[Intel-wired-lan] [E1000-devel] i40e card Tx resets

Jesse Brandeburg jesse.brandeburg at intel.com
Thu Mar 17 19:28:14 UTC 2016


On Thu, 17 Mar 2016 14:56:14 -0400
Sowmini Varadhan <sowmini.varadhan at oracle.com> wrote:

> On (03/17/16 10:20), zhuyj wrote:
> > 1. modprobe NET_PKTGEN
> > 
> > 2. download the tar file and uncompress to any directory.
> > This tar file is from kernel. It is in samples/pktgen/
> > 
> > 3. cd pktgen
> > 
> > 4. pktgen_sample02_multiqueue.sh -i ethx -s size -t cpu_number
> 
> Indeed, I see the same thing as you, and it was very easy to 
> reproduce. It was very interesting that the problem can happen with
> as few as 3 threads, at which point I see the TX hang at exactly
> -s 12305 

Okay, sorry I hadn't jumped into this thread yet.

I can uniquivically tell you that what Sowmini saw with the MDD with
stack based RDS-STRESS testing is *NOT* the same as what you're seeing
while using pktgen with invalid huge skb->data buffers.

We can ask on netdev if the driver should defend against this kind of
input to hard_start_xmit (transmit routine), but the driver doesn't
check the maximum length of the skb to see if it is invalid, because
the stack can never build (only pktgen can) these invalid SKBs.

The issue is that pktgen builds skb->data with a contiguous buffer of
whatever size transmit requested, (regardless of MTU) and then sends it
straight to the transmit routine, no segmentation flags, no MSS set.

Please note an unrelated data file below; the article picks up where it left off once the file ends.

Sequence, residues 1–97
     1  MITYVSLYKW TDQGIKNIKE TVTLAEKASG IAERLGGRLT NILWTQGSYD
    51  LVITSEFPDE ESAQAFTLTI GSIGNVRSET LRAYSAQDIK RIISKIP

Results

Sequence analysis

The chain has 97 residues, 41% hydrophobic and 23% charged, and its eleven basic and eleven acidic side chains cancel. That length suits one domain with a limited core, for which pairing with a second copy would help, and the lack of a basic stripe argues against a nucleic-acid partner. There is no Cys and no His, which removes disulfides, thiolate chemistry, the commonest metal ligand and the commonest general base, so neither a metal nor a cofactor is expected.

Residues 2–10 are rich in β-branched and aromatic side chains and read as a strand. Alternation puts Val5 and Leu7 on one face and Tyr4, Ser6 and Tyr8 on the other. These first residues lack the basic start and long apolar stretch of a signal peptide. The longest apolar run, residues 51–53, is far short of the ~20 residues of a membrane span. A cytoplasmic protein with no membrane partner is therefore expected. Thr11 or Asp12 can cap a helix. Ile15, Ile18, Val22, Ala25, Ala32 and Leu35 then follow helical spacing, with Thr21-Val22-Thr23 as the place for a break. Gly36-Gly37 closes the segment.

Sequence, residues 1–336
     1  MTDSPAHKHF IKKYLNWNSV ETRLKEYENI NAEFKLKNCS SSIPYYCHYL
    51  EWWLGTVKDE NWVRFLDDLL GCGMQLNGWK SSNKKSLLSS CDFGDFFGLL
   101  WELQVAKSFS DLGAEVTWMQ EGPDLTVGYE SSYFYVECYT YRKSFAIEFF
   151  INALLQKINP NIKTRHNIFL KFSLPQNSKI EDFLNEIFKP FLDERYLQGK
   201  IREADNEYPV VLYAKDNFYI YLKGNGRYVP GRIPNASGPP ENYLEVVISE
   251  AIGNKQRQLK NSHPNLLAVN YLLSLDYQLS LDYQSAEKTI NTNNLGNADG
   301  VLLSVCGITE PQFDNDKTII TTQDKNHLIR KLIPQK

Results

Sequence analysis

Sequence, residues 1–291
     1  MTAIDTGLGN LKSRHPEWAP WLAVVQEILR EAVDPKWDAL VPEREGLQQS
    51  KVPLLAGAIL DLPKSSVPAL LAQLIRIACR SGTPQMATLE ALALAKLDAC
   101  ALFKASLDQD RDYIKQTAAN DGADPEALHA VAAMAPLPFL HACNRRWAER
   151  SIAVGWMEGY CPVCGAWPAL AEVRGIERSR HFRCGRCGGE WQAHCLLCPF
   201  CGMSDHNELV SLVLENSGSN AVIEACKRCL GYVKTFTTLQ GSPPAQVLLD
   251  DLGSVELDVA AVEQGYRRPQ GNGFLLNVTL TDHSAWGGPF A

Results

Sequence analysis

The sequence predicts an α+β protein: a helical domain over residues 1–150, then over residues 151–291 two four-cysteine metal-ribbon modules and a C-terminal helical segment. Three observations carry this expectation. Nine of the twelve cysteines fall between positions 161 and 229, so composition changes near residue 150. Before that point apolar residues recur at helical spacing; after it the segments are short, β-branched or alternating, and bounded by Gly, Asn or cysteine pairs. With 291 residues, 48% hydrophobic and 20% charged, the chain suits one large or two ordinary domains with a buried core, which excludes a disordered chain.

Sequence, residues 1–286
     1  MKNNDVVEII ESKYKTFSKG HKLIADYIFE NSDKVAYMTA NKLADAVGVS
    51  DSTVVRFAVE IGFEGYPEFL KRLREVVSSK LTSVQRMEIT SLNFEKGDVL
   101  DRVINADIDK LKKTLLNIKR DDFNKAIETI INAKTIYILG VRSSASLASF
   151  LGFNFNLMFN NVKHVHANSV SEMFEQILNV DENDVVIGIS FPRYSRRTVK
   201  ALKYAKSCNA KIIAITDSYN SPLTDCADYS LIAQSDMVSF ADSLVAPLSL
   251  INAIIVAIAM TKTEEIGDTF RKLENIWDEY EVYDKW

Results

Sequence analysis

This causes the driver to build a transmit descriptor with an invalid
length, which the hardware then "ASSERTS" on by issuing an MDD
interrupt and freezing the bad acting queue.

> I see:
> i40e 0000:82:00.0: TX driver issue detected, PF reset issued
> i40e 0000:82:00.0 eth2: VSI_seid 390, Hung TX queue 0, tx_pending: 492, NTC:0x140, HWB: 0x140, NTU: 0x12c, TAIL: 0x12c
> 
> I think the common factor in both our test cases is that we have some
> kernel thread that can efficiently send packets without any context
> switches. 

You've found a red herring (mistakenly connected two separate events)
so I think you can stop going down this path (pktgen).

> Has anyone here seen this before? I'll see if I can find some cycles
> to figure this out, if not, maybe its worth bringing up on netdev,
> to see if others have seen this, and to draw some patterns.

we don't need to bring it up on netdev.  We have a way to troubleshoot
MDDs that I can send to you, if you want to do the work.  Otherwise we
need to have some time to reproduce here.

> > If size is set to a big number, the similar defect will occur.
> > Adjust this size to a appropriate number, my defect will not occur.
> > 
> > In the test, I found some types igb nic, such as i210, will work
> > well no matter the size is a big number.
> > some nic, such as 82580, it will not work well if the size is too big.

This is mostly a combination of driver implementation and how the
hardware handles a descriptor that is too large.  The driver *could*
check to make sure the skb->data is never too large, but in that same
vein, we *could* fix pktgen to never send a frame greater than MTU down
to the driver.

> > 
> > As such, I think my problem results from the hardware and the big
> > size triggers this problem.
> > 
> > I hope this can help us all.

Unfortunately Zhu's problem with pktgen is not a reproducer of
Sowmini's problem.

In the case of pktgen, it is a "don't do that, because it hurts" kind of
bug. In the case of rds-stress, we need to reproduce it here and figure
out what hardware constraint the driver is violating during set up of
the transmit.



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